Iraq Trying to Reclaim Tikrit from ISIS
Iran joined forces with the Iraqi military on Monday, March 2 in an operation to reclaim Tikrit from the Islamic State. The incident involved throwing drones, heavy weaponry and ground forces.
The U.S. and Iran have both steered clear of each other’s operations in Iraq, according to U.S. officials. In general, when Shiite militias are involved in a military operation, the U.S. doesn’t provide support.
Sunni radical group Islamic State began taking over parts of Iraq last summer, gaining control over Shiite-dominated territories. Shiite Iran aiding Shiite-dominated Iraq could potentially fuel another religious-based civil war in Iraq, reinforcing predictions that Iraq could break up.
Approximately 30,000 fighters participated in the offensive, nearly equal in numbers between Iraqi military fighters and Shiite Iranian volunteers. Sunni and Shiite officials both emphasized that a smaller contingent of 1,000-2,000 Sunni tribal fighters native to the Tikrit region would assist the government in the battle.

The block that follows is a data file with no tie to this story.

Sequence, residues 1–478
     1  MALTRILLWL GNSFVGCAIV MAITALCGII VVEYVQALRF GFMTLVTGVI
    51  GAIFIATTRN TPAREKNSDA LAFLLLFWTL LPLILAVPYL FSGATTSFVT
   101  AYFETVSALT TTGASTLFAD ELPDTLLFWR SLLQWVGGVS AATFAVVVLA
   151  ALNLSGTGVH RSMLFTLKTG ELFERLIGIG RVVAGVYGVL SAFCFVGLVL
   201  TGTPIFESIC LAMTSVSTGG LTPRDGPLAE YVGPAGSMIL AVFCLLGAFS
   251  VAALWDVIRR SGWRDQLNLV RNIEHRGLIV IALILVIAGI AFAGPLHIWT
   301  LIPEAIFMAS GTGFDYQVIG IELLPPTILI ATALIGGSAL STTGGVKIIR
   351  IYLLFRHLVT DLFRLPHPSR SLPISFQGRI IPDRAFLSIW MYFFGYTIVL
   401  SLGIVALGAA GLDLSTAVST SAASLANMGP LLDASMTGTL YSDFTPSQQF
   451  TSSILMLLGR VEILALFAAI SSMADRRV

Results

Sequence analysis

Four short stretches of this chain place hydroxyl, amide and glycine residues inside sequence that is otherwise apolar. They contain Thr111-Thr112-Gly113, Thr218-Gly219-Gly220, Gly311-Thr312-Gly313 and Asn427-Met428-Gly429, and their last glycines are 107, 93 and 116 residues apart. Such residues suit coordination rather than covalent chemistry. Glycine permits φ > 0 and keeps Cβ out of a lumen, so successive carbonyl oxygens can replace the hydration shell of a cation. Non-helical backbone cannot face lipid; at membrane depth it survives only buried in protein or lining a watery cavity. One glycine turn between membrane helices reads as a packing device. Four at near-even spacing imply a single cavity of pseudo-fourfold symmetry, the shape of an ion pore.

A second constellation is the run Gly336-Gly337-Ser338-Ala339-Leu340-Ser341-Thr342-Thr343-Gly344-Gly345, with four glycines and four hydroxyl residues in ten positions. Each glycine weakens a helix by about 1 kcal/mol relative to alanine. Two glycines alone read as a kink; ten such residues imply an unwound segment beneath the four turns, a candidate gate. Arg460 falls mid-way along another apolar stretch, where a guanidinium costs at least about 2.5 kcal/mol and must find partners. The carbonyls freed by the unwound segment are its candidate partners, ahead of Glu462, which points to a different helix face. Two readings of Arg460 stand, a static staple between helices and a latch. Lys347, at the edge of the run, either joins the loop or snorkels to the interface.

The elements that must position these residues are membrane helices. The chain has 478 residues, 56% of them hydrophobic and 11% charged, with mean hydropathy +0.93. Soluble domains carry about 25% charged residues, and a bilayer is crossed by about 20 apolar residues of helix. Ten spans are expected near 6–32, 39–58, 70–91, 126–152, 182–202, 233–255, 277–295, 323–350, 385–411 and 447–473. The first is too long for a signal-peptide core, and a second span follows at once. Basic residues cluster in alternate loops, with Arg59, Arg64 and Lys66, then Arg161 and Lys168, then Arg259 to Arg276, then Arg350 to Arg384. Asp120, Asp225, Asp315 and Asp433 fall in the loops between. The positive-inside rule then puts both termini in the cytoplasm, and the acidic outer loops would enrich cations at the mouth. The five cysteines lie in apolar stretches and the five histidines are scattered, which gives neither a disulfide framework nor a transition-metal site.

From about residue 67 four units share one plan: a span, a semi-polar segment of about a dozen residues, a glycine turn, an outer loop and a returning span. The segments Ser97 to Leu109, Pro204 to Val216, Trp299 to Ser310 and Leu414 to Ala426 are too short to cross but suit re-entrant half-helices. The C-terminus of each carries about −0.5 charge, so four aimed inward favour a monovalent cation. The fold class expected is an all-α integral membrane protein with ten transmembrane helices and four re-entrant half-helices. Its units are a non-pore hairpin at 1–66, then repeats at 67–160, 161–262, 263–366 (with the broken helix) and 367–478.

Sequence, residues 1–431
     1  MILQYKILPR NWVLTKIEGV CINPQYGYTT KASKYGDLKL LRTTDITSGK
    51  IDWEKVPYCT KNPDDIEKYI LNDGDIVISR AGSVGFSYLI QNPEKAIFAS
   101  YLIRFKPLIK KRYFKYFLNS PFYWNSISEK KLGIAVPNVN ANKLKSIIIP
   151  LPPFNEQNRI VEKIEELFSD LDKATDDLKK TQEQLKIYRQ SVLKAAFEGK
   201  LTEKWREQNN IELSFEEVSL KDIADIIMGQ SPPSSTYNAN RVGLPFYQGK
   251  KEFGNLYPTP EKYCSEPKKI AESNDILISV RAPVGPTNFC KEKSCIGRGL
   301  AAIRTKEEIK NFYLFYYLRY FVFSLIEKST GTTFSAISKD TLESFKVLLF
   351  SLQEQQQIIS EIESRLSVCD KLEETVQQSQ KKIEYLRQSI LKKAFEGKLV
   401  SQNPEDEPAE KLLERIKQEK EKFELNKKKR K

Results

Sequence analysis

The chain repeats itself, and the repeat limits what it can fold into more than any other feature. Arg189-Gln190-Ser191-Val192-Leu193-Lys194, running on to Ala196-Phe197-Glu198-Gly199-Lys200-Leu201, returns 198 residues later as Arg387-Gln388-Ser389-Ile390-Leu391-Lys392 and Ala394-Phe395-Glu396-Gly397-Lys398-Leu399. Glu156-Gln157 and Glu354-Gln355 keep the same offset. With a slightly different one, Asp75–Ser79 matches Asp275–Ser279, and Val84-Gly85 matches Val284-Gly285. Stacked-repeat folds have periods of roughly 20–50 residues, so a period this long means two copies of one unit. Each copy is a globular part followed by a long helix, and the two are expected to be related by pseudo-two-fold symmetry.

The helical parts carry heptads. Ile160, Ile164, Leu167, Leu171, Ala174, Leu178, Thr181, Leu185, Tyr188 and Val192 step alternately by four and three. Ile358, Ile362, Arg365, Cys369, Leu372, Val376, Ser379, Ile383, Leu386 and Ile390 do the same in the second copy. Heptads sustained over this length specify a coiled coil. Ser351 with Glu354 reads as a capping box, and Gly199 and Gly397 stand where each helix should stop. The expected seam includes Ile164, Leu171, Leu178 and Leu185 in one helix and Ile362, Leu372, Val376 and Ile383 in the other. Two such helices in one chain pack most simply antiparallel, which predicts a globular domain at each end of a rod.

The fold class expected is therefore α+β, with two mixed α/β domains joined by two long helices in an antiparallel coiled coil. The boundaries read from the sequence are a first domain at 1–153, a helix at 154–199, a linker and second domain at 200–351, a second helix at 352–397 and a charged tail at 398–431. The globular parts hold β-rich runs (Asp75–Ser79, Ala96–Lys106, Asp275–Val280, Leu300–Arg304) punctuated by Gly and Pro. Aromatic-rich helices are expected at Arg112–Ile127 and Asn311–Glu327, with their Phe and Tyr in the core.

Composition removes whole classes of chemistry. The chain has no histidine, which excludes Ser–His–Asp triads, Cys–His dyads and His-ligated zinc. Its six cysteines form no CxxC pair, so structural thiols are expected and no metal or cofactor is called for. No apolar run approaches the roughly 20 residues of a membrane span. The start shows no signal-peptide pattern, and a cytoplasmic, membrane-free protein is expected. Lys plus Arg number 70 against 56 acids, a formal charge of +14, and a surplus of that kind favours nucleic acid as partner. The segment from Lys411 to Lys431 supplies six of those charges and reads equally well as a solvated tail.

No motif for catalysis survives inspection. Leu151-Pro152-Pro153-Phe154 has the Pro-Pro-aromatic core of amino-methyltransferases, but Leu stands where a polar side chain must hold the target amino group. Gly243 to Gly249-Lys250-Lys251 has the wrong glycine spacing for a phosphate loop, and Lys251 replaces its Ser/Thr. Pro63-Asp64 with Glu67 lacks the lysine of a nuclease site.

“Tikrit is a crucial strategic area and it represents the key for the liberation of Mosul itself,” said General Abdul Wahab al-Saidi, the commander of the Tikrit operation.
The Islamic State, also known as ISIS, took control of Tikrit last summer during a dramatic assault. Monday was Iraq’s third attempt to regain control of Tikrit, located on the Tiger River northwest of Baghdad. Previous operations failed most likely due to failed communication between the Iraqi fighters and Shiite volunteers.
Iran has carried out airstrikes within Iraq in support of Shiite militias. Last October, Shiite militias supported by Iranian advisers helped retake a Sunni town outside Baghdad, according to U.S. officials. The Tikrit fight, according to U.S. officials, represents the most sizable Iranian support yet for an Iraqi offensive.
The United Nations has stepped in to help the thousands of people who have been displaced from their homes or had their homes destroyed in the fights. Many children do not attend school anymore or partake in responsibilities and jobs at home.
– Alaina Grote
Sources: BBC, Reuters, Wall Street Journal